The speaker of the United States House of Representatives, Nancy Pelosi, announced on 05 December 2019 in the Capitol that she is instructing the House Judiciary Committee to proceed with articles of impeachment against US President Donald J. Trump. EPA-EFE/SHAWN THEW
Washington, December 5 (efe-epa).- The speaker of the United States House of Representatives, Nancy Pelosi, on Thursday formally instructed the Judiciary Committee to draw up articles of impeachment against President Donald Trump.
The California Democrat said in a televised address from the Capitol that Trump had engaged in "abuse of power, undermining out national security and jeopardizing the integrity of our elections."
"Our democracy is what is at stake. The president leaves us no choice but to act because he is trying to corrupt once again the election for his own benefit," Pelosi said.
"Sadly, but with confidence and humility, with allegiance to our founders, and a heart full of love for America, today I am asking our (Judiciary Committee) chairman (Jerrold Nadler) to proceed with articles of impeachment."
The request by the US government's highest-ranking Democrat comes a day after the second phase of the lower house's impeachment inquiry got under way in the Judiciary Committee.
The House Intelligence Committee had conducted closed-door and public hearings in recent weeks aimed at determining whether Trump abused his office by threatening to withhold military aid to Ukraine in a bid to pressure that country's president to announce an investigation into former Vice President Joe Biden, a leading candidate for the 2020 Democratic presidential nomination, and his son, Hunter.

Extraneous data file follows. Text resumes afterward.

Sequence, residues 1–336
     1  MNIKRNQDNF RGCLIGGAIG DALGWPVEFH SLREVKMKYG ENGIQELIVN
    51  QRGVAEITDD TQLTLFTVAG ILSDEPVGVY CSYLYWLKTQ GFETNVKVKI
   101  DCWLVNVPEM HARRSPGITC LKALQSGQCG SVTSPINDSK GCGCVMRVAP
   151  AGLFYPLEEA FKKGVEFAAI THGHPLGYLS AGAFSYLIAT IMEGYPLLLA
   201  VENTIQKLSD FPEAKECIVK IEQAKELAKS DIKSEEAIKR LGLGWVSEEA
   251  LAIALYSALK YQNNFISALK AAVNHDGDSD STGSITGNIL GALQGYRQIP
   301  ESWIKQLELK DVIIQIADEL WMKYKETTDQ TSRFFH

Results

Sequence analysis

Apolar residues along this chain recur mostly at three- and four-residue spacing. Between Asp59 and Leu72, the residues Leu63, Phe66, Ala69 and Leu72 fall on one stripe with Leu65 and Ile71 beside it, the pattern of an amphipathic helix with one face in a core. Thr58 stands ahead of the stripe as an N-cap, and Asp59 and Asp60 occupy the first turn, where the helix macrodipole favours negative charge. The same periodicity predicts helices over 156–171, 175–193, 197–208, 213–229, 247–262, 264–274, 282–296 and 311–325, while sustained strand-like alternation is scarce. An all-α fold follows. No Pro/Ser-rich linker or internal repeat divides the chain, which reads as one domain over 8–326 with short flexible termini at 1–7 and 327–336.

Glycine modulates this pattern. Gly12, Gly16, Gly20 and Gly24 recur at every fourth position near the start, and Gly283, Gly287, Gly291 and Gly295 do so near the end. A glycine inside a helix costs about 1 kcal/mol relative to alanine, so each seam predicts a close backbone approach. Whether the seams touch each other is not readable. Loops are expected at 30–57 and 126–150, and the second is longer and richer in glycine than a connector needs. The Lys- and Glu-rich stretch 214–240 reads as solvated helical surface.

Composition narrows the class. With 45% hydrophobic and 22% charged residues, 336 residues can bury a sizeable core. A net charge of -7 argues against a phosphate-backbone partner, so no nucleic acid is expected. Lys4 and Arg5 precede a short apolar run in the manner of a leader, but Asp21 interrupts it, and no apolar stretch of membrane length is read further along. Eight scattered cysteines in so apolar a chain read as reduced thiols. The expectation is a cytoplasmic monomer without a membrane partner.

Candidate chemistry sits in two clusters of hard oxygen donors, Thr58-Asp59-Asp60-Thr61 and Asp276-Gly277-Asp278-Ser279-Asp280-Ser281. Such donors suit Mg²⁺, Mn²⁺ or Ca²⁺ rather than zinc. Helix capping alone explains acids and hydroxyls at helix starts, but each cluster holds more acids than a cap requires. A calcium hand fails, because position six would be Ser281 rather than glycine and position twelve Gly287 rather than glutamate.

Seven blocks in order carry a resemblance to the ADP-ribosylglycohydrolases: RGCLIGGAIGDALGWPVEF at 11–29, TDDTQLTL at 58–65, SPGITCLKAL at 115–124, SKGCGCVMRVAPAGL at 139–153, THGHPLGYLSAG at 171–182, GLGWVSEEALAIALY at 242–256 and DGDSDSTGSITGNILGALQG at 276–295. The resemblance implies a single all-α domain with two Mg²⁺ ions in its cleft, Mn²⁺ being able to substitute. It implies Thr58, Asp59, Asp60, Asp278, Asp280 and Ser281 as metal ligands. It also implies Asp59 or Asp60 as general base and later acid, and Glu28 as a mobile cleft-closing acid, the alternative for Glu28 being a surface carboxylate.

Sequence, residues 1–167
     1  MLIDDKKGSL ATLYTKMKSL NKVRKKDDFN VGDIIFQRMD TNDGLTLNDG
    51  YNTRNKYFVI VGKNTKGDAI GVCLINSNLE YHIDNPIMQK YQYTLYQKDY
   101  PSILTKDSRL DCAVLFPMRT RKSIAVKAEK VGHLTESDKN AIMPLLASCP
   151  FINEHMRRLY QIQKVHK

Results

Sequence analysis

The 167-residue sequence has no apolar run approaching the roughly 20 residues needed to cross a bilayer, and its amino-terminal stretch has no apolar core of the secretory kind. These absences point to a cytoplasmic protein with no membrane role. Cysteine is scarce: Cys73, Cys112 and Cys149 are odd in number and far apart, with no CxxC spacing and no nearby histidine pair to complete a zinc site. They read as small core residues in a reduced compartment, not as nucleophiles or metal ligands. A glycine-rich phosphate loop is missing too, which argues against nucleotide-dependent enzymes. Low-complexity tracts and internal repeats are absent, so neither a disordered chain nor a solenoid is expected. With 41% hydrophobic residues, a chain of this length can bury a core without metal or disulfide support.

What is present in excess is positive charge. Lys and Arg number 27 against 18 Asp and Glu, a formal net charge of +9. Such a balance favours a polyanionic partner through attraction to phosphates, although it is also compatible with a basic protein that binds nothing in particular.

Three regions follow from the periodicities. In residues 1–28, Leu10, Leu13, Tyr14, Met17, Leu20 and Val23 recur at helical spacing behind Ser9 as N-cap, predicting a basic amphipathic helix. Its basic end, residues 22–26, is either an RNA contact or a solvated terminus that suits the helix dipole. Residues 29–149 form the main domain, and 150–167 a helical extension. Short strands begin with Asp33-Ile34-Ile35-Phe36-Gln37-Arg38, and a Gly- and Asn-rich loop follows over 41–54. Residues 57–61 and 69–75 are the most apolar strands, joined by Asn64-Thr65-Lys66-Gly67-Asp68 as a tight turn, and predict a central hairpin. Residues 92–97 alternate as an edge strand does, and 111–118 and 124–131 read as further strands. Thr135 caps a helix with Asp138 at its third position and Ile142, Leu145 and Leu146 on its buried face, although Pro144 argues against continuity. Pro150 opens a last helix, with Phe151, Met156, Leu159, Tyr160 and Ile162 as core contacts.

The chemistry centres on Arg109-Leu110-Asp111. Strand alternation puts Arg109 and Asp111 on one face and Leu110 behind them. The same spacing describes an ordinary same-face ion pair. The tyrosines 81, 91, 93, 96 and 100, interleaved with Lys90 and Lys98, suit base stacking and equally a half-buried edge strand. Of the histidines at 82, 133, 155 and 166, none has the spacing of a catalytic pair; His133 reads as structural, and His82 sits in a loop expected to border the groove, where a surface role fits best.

On Tuesday, that committee - led by California Democrat Adam Schiff - approved a report stating that Trump had sought an investigation by Kiev into the Bidens and into alleged Ukrainian interference in the 2016 US election with a view to improving his re-election prospects in 2020.
It also said the president had "engaged in categorical and unprecedented obstruction in order to cover up his misconduct."
The issue of quid pro quo - particularly as relates to a July 25 phone call between Trump and Ukrainian President Volodymyr Zelensky - is at the heart of the impeachment inquiry, which was launched in response to a whistleblower complaint.
Trump had temporarily frozen nearly $400 million in military aid to Ukraine just ahead of the call, prompting suspicion that the request to investigate the Bidens was linked to the release of the funds.
Trump, who vehemently denies that any quid pro quo was at work and says he withheld the aid over frustration with what he considered to be an insufficient amount of monetary assistance provided to Ukraine by other countries, says the transcript shows he did nothing wrong.
The aid was eventually released on Sept. 11.
The White House in September released the transcript of that phone call, a document that shows that Trump asked Zelensky to look into Joe Biden's alleged interference with a purported probe of Hunter Biden's business dealings in Ukraine.